Online Sports Management Games: An Addiction Waiting to Happen

Eric GomezAnalyst IJanuary 23, 2009

I got my team in late December.

The fantasy NFL football season was winding down and I had missed the playoffs for the second year in a row.

I was looking for someone else to appease my hunger for victory when a friend introduced me to a different kind of "fantasy" online game.

Only a month later, I wish he hadn't.

It started out simply enough: I wrote down my information, named my team, and waited for the confirmation e-mail. Then it really begun.

Overwhelmed by a world of micromanaging, real-time transactions, and a bustling community of thousands vying for glory, I initially stepped back. Then, a post-Christmas lull brought me back. And I haven't left since.

Welcome to the world of online soccer managing.

Since the earliest sports videogames, fans have embraced the idea of controlling their favorite teams and leading them to glory. Roughly in the past decade, online gaming has gotten so hugely popular there are now ways someone like you can make money off of it.

The fantasy sports craze as we know it is well documented across our society, thanks once again in part to the explosion of the internet. Combining the thrill of competition by grouping friends and strangers alike, players depend on the athletes to post huge stats for their benefit.

Though most online leagues offer the public their services for free, it's a big business. Yearly publications are marketed as guides to have successful seasons, television sports networks (and other outlets) routinely pump out analysis and suggestions, and websites usually offer real-time stats and expert advice for a fee and make money off of ad revenue.

There are also allegations that it costs unrelated businesses more than a billion dollars a year.

However, the world of online sports management games combines the aspects of fantasy and videogames while adding its own particular flavor. Indulging gamers with a sense of power by handing them their own team, it is sometimes easy to become immersed.

In my particular case, owning a sports team was a dream come true, even if the "team" was only limited to existing as one of many on a website.

After a first season in which I couldn't do much to get out of the bottom of the table, the offseason meant I could get to work buying players, remodeling my stadium to ensure more revenue and modifying the team's training routine to obtain better results.

Being fairly new at this, I decided to check out some of the top teams' pages in order to obtain a model of success. I found out that some had been competing for years. Their stadiums were three or four times bigger than mine, and their players had even been called up for national team duty.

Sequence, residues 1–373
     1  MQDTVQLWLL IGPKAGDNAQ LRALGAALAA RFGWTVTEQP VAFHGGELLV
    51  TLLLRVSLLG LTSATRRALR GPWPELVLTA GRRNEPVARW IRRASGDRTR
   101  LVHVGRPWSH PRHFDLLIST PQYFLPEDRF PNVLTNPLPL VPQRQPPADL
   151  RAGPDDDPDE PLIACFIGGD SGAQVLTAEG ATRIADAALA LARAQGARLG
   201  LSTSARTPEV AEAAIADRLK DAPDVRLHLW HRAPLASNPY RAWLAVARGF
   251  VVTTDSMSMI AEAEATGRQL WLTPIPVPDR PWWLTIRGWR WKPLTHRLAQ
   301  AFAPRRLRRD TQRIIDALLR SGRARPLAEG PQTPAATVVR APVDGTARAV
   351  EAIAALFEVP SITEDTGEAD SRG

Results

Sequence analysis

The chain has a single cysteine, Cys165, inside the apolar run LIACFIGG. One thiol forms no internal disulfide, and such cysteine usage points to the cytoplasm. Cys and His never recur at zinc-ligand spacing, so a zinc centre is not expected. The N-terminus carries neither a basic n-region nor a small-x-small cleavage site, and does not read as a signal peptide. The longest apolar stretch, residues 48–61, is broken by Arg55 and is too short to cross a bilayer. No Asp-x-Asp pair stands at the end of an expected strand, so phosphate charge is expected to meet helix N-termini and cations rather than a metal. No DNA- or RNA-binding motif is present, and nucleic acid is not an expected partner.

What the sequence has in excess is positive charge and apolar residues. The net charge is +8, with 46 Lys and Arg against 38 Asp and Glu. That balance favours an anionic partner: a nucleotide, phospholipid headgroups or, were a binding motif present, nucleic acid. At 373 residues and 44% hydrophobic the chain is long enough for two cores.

On this particular website, teams come together under a federation representing real-world countries. The countries field national teams which come together in tournaments, including (of course), a World Cup.

Though initially disheartened by the fact that I would probably have to dedicate months or even years into becoming somewhat relevant in this world, I decided to give it a serious try.

Big mistake.

Late one night last week, I spent hours trying to outbid a rival manager for the services of a player (I won, and paid a somewhat hefty 400,000 price tag). At work, I unknowingly spent 45 minutes adjusting formations and lineups for my team's next game. Just today, I found that the website has a wiki, and promptly spent over an hour creating a page for my team.

Not a day goes by now that I don't log in and run tasks to make my team better. On game days, I'm often there for hours on end. I've joined forums, fan clubs, and even made a crest for my team using Photoshop.

I complain about player salaries that "I" have to pay and demand explanations from my fictional manager about why my star winger didn't get any shots on goal. I present myself to others as the proud owner of my team, and came this close to buying business cards of all things with the name of my team embossed on them.

The game consumes me. As I go into my second season, I impatiently await fixtures and complain to league officials about other teams in my division when they mysteriously purchase players from friends for next to nothing.

I schedule meals around board meetings and save daily word documents with scouting reports on the opposing team and how my players adjusted to the new training regimes. I worry about fame getting to my players' heads, and I cringe with fear awaiting the day when my star fullback demands a hefty raise.

The guys are like my family now. I'm saddened when they have a bad game and worry about them when they're injured. When I place one of my own on the transfer list, I sometimes feel like I owe him an explanation. My friends and family ask what's new in my life and I coldly respond with "I'm thinking of switching from a 3-5-2 to a 3-4-1-2."

In the end, I've thought about quitting, but something keeps bringing me back. This is my team. And damn it, I want to win.

Last night, I even had a dream about the game: My team's in the cup final, with the score tied, when suddenly my best player is injured. Then, one of my defenders commits a foul and gets a red card.

Later, I miraculously get a penalty in favor of my team. We score! We win! Just when the celebration is on, and the league officials are about to hand me the trophy, the website's servers fail... and the information is lost. The collective memory of my supreme triumph vanishes into the nether regions of the Internet.

I wake up in a cold sweat.

Talk about a real nightmare.